Born Irma Lee, 18 February 1941, Ponchatoula, Louisiana
Since the early 1960s, Irma Thomas has been known as The Soul Queen of New Orleans. She has experienced more than her fair share of setbacks, but managed to bounce back each time and to this day she maintains a loyal and diverse fan base. Young, old, black, white - Irma's appeal knows no age or racial barriers.
Irma Lee received her singing training on Sundays at the Home Mission Baptist Church in New Orleans, where her parents had moved when she was still an infant. At 14 she was forced to leave school because she was pregnant. Her first marriage lasted less than a year and at the age of 17 she married a second time, to Andrew Thomas, whose name she would keep after her second divorce in 1966. She had three more children, and when she was 18 Irma took a job as a waitress working at the Pimlico Club in New Orleans. There she was discovered by band leader Tommy Ridgley who hired her as a vocalist and got her signed to Joe Ruffino's Ron label. Her first record, "Don't Mess With My Man" (aka as "You Can Have My Husband"), was written by Dorothy LaBostrie, of "Tutti Frutti" fame. Released in November 1959, it went to # 22 on the R&B charts in May 1960. The song would become a permanent staple in her live performances. The follow-up was the similarly styled "A Good Man", which didn't catch on nationally, but helped build Irma's local reputation. Irma refused to resign with Ron, claiming Ruffino underpaid her for her record royalties.
Her career took on a new impetus when she signed with Joe Banashak's Minit label in late 1960. The first Minit release was the haunting ballad "Cry On", a big change from her earlier blues-based recordings. Allen Toussaint arranged and produced Irma's Minit sessions, played piano and wrote most of her material (usually under the pseudonym Naomi Neville, his mother's name). Her soul classics from this period include the atmospheric "It's Raining" (a UK Top 10 hit for Shakin' Stevens in 1981) and "Ruler Of My Heart", which Otis Redding successfully turned into "Pain In My Heart" in 1963.
Minit was then acquired by Imperial, who were just as swiftly swallowed up by Liberty. Irma started recording for Imperial in January 1964, in L.A., with Eddie Ray as producer and H.B. Barnum as arranger. Her first four singles for Imperial (all released in 1964) made the Billboard Hot 100, but they would remain the only pop hits of her career. The Imperial debut was the biggest hit : "Wish Someone Would Care", Irma's own composition, peaked at # 17. The reverse, the bouncy "Break-A-Way" (written by Jackie DeShannon and Sharon Sheeley), was a complete contrast and almost too good for a B-side. The song would go on to be an international hit for England's Tracey Ullman in 1983. Next came the beautiful "Anyone Who Knows What Love Is" (# 52), which was also coupled with a song that could have been an A-side in itself, "Time Is On My Side". It was covered by the Rolling Stones, who scored their first US Top 10 hit with the song. Irma even had to quit singing "Time Is On My Side" for some time, because audiences wouldn't believe it was hers. "Times Have Changed" (# 98) and "He's My Guy" (# 63), both written by Van McCoy, completed the quartet of 1964 hits. The later Imperial sessions (1965-66) were mostly held in New York (produced by Jerry Ragovoy) ; for "Take A Look" (1965) she was reunited with Allen Toussaint in New Orleans.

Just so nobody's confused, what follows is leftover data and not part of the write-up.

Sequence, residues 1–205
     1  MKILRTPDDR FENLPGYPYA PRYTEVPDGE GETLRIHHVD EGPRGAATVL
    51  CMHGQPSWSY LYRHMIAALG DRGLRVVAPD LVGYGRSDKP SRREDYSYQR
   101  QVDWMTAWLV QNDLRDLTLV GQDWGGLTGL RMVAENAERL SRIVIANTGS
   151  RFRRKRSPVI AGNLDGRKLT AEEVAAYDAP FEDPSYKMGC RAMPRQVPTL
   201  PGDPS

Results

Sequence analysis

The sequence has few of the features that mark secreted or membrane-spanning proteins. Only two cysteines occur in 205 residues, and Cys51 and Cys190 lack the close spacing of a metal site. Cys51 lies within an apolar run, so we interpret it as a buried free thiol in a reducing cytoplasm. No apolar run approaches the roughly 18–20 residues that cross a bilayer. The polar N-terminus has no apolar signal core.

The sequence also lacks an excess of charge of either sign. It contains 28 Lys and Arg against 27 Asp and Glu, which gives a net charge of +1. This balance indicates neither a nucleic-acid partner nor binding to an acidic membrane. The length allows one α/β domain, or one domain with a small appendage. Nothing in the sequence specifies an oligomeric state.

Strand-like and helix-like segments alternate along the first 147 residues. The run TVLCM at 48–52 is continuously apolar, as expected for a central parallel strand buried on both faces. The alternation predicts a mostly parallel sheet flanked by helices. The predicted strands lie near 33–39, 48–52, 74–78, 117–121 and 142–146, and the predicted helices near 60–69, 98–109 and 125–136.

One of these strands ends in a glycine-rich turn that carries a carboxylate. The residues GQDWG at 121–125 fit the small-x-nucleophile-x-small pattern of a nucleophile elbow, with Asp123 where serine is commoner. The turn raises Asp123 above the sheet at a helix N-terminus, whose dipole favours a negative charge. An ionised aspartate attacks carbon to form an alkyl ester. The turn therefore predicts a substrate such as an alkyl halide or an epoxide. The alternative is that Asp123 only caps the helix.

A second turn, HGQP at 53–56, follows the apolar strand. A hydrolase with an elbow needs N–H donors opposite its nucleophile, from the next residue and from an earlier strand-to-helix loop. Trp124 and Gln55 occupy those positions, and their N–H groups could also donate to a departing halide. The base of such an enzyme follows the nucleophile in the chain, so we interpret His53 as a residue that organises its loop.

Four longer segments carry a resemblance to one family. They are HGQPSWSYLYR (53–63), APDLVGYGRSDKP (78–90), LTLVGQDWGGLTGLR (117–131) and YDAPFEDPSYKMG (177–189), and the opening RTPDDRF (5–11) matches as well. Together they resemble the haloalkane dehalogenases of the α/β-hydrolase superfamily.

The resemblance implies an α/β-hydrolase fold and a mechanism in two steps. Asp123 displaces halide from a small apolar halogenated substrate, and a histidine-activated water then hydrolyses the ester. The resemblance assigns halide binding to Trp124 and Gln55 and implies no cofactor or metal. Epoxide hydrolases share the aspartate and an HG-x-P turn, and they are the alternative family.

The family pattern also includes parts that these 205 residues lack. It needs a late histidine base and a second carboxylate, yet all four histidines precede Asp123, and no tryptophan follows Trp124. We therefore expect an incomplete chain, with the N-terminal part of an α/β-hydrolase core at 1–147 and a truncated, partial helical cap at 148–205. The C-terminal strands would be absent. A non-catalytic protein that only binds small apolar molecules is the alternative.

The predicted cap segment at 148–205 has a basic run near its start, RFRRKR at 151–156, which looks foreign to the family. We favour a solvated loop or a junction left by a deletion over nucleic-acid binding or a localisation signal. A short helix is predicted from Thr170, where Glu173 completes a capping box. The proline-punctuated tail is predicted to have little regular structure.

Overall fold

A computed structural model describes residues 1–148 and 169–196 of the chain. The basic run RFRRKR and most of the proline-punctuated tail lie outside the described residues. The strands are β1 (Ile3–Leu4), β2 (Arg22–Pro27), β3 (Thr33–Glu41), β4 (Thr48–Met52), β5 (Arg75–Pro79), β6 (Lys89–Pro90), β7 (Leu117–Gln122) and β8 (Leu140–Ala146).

When Chess Records signed Irma in 1967, they brought her to the trendy Muscle Shoals studio to record, and it looked like she would once again be back in the international spotlight. But sadly it wasn't to be. Irma didn't go along with the percentage that Chess wanted and consequently her three Chess singles didn't get national promotion. A shame, because they were first-rate. "Good To Me" (Chess 2036, written by Otis Redding) still went to # 42 on the R&B charts in 1968, her last chart entry. Irma's complete Chess recordings (12 tracks) were later assembled on the LP "Irma Thomas Down At Muscle Shoals" (Chess GCH 8104, 1991).
Her stint at Atlantic/Cotillion (1971-72) produced similar results : 15 tracks were recorded (eventually released on the CD "Full Time Woman" in March 2014), but only one single was issued at the time.
Irma continued to record for small labels throughout the 1970s, but with no real success. She had relocated her family to Oakland, California in 1969, but returned to New Orleans in 1975. That year she met Emile Jackson, who became her third husband in 1977 and also her manager. As far as I know, they are still together. She has regularly played clubs and festivals ever since, and recorded many albums for Rounder Records, most recently "Simply Grand" (2008).
The Soul Queen of New Orleans recorded mostly outside of New Orleans and few of her recordings have a typical N.O. sound. One of the exceptions is "Look Up" (released on Minit's sister label Bandy), thanks to Allen Toussaint's ferocious piano. For me the 1961-65 sides for Minit and Imperial remain the high spot of her long and illustrious career.
More info : http://www.soulexpress.net/irmathomas.htm
Further reading : the chapter on Irma Thomas in Jeff Hannusch's book "I Hear You Knockin'" (Swallow Publications, 1985), page 225-236.
Discography : http://www.soulfulkindamusic.net/ithomas.htm
Recommended CD's :
Acknowledgements : Jeff Hannusch, John Broven, Pete Nickols.
Dik, August 2014
|These pages were originally published as "This Is My Story" in the
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